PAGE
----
“The students walking out of our doors each year are not just entering the future. They are the ones creating it for us all.” – Ormiston 157

During the first summer of the pandemic, I spent a lot of time thinking and preparing to manage remote learning and one-to-one education in the middle of a crisis. There was so much to learn in a minuscule amount of time. 

I hated the idea of giving up quality instruction to the pandemic. Students have already lost so much, including time with their friends and family. 

Luckily, I had the opportunity to get some training from a neighboring school district that hosted author Meg Ormiston, an educational consultant who focuses on 21st-century learning. The training helped me — and several of my colleagues — learn how to help our students learn best with technology, whether in person or remotely, without losing the quality of instruction.

Many ideas Ormiston presents in her book NOW Classrooms Grades 9-12: Lessons for Enhancing Teaching and Learning Through Technology were gold even before the pandemic. However, diving deeper into how we can use technology to facilitate higher-level thinking in students was just what I needed to get my creative juices flowing in preparation for my first full year of teaching both in-person and remotely. 

The crux of NOW Classrooms focuses on “The Four Cs and Super Skills of the 21st Century”:

Four CsSuper Skills
CommunicationSharing thoughts, questions, ideas and solutions
CollaborationWorking together to reach a goal — putting talent, expertise, and smarts to work
Critical ThinkingLooking at problems in a new way, linking learning across subjects and disciplines
CreativityTrying new approaches to get things done, which equals innovation and invention (Ormiston 3)

Ormiston notes that these skills are imperative for students to cultivate in school to prepare for college and careers.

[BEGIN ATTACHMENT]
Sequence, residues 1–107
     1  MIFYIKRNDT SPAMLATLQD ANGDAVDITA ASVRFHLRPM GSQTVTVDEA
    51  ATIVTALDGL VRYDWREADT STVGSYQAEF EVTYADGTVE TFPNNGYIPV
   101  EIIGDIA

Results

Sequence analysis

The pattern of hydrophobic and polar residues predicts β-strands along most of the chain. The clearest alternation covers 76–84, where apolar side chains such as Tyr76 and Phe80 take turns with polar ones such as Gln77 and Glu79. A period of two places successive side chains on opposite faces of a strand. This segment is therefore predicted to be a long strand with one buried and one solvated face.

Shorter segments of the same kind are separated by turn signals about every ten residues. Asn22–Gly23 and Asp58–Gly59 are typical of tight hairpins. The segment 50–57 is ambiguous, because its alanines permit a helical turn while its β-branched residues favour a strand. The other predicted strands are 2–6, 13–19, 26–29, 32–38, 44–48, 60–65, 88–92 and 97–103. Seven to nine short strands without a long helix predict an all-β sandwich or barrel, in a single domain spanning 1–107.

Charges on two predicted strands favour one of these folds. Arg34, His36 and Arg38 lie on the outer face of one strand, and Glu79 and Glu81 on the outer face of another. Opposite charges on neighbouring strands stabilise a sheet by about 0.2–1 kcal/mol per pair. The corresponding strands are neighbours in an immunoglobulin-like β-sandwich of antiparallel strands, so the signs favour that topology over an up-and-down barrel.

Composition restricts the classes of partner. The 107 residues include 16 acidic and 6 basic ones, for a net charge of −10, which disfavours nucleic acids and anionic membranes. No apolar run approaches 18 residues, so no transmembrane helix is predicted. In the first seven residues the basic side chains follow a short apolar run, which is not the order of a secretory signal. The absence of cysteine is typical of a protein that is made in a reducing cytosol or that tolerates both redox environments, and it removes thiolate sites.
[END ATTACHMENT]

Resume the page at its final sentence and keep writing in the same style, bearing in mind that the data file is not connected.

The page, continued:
“These skills are more important than in the past because we are preparing students for a global world of work, one filled with jobs we hadn’t identified yet.”

Ormiston 3

One of the main themes across Ormiston’s series is “student voice and choice” (4). Not only does this heighten student engagement, but it made my job of staying flexible for remote learners or students coping with the new normal a priority. 

Even though teachers need to learn how to use technology, learning concepts and content is always the priority. We don’t necessarily have to teach students how to use applications, but we need to provide them with access to various applications to enhance their thinking and learning.

“We don’t teach the app; we teach the classroom process.”

Ormiston 8

NOW Classrooms is a handbook that provides teachers with lesson plans at the “novice,” “operational,” and “WOW!” levels so that they can slowly incorporate these ideas into their lessons with actionable steps. 

Each section comes with learning goals, teaching tips, and different ideas of integrating these lesson ideas into the various content areas of ELA, math, science, social studies, etc. 

Something that technology allows students to do at school is embrace their creativity. To that end, Ormiston provides lessons regarding “using digital images in projects,” “creating videos to demonstrate their learning,” “using audio to enhance understanding,” and “combining multimedia elements to create effective presentations.”

“When students can use appropriate images to display their understanding of material, they deepen their understanding of that material.”

Ormiston 15-6

“making videos often brings out a creative side in students that other media do not.”

Ormiston 22

“Students who can successfully solve problems know how to think about what they do and describe why they do it. Having the ability to verbally explain their thought processes also promotes students’ organizational and speaking skills, which leads to deeper understanding of classroom material.”

Ormiston 29

Asking students to do this not only activates their creativity but it provides them with an opportunity to

“enforce with students the importance of respecting copyright.”

Ormiston 16

The ELA teacher in me loves any opportunity to make sure students are cultivating their digital and writerly citizenship! But, to be honest, it never occurred to me to give more students practice with those skills in these different ways; I can’t wait to try them out!